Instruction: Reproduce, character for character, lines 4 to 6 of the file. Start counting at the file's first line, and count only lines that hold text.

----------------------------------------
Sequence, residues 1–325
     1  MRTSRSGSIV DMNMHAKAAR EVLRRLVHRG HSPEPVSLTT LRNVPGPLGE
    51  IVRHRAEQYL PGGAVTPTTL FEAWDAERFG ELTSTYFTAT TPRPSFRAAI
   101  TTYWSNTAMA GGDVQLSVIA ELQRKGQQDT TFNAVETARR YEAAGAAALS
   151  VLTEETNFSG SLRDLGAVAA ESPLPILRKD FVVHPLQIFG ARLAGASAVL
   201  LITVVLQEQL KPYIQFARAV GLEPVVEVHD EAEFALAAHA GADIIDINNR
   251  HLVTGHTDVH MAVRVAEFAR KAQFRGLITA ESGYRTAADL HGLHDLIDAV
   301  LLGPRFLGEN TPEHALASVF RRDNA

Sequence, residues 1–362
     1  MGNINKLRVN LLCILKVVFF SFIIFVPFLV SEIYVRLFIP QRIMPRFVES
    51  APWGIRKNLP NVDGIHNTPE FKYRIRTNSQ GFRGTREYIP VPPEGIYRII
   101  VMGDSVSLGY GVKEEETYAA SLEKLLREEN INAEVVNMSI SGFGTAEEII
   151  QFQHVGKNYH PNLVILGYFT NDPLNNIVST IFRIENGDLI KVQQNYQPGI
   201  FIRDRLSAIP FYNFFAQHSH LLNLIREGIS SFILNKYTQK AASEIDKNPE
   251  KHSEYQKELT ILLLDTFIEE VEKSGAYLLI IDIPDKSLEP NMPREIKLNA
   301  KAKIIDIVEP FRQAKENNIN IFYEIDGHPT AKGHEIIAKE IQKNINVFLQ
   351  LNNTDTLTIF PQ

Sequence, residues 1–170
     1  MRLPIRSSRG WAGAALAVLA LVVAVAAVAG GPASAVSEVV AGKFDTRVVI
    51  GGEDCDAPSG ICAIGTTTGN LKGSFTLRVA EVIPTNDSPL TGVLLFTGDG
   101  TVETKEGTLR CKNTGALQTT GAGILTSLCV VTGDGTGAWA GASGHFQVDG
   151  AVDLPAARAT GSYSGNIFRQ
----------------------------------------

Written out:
   101  TTYWSNTAMA GGDVQLSVIA ELQRKGQQDT TFNAVETARR YEAAGAAALS
   151  VLTEETNFSG SLRDLGAVAA ESPLPILRKD FVVHPLQIFG ARLAGASAVL
   201  LITVVLQEQL KPYIQFARAV GLEPVVEVHD EAEFALAAHA GADIIDINNR